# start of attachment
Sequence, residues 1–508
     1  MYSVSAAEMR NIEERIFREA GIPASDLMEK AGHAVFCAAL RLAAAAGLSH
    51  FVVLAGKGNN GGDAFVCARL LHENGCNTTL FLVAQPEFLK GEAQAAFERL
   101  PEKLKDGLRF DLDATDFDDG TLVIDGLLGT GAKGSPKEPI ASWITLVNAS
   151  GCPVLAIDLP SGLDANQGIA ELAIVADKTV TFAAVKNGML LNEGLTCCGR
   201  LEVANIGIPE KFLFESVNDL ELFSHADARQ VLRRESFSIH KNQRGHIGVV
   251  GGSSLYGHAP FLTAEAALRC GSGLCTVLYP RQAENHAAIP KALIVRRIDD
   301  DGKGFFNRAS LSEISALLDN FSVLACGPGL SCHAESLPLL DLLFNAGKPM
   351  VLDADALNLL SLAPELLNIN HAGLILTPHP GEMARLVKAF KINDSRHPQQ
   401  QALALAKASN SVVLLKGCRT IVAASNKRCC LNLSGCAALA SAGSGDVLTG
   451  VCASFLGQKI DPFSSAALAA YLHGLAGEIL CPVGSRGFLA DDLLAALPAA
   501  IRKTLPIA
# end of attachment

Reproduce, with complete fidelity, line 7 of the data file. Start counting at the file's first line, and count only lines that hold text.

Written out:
   251  GGSSLYGHAP FLTAEAALRC GSGLCTVLYP RQAENHAAIP KALIVRRIDD